Visible to the public Keynote Presentation - John Launchbury

Somewhat ironically, just as traditional systems software finally comes within reach of detailed mathematical verification, the demand for verification technology is rapidly expanding into domains that pose very different kinds of challenges. How could a face recognition technology be verified, for example, when it is not clear even how to state a correctness property? Or how should we attempt to verify an autonomous system like a self-driving car? This talk will attempt to lay out the problem space, and offer some ideas for how the verification community might start tackling the problem of assuring AI.


Dr. John Launchbury joined DARPA as a Program Manager in July 2014 and was named Director of the Information Innovation Office (I2O) in September 2015. In this role he develops Office strategy, staffs the Office, and works with I2O program managers to develop new programs and transition program products. Dr. Launchbury has been instrumental in formulating and implementing I2O research thrusts in programming languages, security, privacy and cryptography.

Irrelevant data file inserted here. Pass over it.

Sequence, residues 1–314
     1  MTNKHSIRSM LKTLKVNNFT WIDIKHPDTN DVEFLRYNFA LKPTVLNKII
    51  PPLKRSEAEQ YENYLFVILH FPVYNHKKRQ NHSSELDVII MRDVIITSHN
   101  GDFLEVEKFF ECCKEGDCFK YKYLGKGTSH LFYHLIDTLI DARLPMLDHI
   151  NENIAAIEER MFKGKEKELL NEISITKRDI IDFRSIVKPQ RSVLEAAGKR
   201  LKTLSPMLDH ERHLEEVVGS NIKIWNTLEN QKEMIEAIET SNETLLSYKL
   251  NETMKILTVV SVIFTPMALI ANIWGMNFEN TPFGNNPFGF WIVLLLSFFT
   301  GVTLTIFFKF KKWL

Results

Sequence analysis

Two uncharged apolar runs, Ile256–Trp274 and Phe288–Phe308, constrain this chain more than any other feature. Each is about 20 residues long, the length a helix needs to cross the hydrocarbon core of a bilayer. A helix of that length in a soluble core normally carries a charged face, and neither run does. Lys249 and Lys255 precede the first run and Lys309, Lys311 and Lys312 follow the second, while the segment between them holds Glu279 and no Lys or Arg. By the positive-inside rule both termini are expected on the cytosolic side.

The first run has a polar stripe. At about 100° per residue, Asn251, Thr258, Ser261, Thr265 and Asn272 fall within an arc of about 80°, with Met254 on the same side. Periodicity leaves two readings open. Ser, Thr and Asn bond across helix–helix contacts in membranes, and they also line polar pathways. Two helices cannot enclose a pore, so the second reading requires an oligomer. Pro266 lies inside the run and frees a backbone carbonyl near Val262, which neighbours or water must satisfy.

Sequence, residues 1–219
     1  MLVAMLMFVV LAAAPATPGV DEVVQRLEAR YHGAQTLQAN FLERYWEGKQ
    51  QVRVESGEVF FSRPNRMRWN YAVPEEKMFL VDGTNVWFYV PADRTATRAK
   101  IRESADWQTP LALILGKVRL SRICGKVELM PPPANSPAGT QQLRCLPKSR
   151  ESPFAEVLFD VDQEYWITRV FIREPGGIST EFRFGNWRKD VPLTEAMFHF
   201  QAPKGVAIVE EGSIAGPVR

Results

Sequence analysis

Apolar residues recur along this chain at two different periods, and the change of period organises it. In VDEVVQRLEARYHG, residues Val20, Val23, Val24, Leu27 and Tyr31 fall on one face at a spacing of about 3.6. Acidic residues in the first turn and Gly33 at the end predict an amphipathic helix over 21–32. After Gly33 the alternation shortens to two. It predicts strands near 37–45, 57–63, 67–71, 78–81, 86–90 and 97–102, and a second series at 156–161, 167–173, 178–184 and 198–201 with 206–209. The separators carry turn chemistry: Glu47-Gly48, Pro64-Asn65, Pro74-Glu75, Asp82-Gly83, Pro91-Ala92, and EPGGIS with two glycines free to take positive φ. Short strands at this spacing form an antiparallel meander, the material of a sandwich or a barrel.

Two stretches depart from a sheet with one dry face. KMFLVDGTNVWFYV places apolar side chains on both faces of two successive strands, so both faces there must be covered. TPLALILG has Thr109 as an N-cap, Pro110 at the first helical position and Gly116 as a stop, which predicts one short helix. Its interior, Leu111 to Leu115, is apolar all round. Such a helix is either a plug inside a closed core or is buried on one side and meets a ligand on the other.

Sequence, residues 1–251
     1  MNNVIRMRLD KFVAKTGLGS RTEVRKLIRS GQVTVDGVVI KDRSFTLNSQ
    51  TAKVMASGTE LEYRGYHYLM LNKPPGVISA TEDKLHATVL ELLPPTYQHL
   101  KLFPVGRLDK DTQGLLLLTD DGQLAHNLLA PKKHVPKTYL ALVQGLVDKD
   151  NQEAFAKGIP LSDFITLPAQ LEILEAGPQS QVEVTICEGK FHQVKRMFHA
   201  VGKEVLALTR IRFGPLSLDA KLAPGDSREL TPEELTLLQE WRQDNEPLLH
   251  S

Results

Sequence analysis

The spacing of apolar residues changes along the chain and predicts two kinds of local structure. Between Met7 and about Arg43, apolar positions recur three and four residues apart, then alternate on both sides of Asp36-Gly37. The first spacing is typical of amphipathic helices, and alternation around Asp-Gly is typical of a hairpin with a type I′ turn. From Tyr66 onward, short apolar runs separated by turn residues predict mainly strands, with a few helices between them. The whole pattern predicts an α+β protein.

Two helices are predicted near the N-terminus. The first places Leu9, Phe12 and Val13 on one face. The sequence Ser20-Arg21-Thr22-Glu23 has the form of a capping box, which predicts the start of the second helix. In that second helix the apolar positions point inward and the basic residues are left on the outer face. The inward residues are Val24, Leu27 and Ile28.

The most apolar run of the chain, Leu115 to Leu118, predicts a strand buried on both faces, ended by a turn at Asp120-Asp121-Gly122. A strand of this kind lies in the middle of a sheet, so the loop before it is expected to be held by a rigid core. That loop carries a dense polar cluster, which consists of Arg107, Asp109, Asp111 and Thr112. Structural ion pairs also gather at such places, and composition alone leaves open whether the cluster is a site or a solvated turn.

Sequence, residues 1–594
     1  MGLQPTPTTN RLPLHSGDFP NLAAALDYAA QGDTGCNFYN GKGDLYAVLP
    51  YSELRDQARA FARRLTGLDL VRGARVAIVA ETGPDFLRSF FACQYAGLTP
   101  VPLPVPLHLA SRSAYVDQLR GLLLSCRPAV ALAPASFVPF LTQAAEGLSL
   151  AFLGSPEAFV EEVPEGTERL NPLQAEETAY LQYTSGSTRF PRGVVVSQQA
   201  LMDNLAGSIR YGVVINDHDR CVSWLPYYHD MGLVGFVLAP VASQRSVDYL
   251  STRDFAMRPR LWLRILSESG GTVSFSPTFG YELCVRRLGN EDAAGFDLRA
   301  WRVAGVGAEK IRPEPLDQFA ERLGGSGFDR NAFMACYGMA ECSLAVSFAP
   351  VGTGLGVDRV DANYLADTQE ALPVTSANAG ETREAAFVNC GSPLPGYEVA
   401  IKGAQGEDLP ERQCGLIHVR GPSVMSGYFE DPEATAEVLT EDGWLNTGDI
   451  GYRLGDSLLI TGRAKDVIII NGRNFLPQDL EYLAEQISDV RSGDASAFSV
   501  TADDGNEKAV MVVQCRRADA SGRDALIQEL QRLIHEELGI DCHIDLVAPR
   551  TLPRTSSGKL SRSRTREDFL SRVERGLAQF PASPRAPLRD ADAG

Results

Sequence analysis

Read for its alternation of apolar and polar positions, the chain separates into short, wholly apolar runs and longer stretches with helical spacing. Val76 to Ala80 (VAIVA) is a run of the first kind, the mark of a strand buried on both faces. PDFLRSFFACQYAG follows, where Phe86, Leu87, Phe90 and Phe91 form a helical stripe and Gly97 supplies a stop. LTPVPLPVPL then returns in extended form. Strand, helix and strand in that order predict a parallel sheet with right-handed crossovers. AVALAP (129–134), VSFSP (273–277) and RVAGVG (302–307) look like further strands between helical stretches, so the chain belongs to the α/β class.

Before joining DARPA, Dr. Launchbury was chief scientist of Galois, Inc., which he founded in 1999 to address challenges in information assurance through the application of functional programming and formal methods. Under his leadership, the company experienced strong growth, successfully delivered on multiple contract awards and was recognized for thought leadership in high-assurance technology development.

Prior to founding Galois, Dr. Launchbury was a full professor in computer science and engineering at the Oregon Graduate Institute (OGI) School of Science and Engineering, which was subsequently incorporated into the Oregon Health and Science University. At OGI, he earned several awards for outstanding teaching and gained international recognition for his work on the analysis and semantics of programming languages, the Haskell programming language in particular.

Dr. Launchbury received first-class honors in mathematics from Oxford University in 1985, holds a Ph.D. in computing science from the University of Glasgow and won the British Computer Society's distinguished dissertation prize. In 2010, Dr. Launchbury was inducted as a Fellow of the Association for Computing Machinery (ACM).

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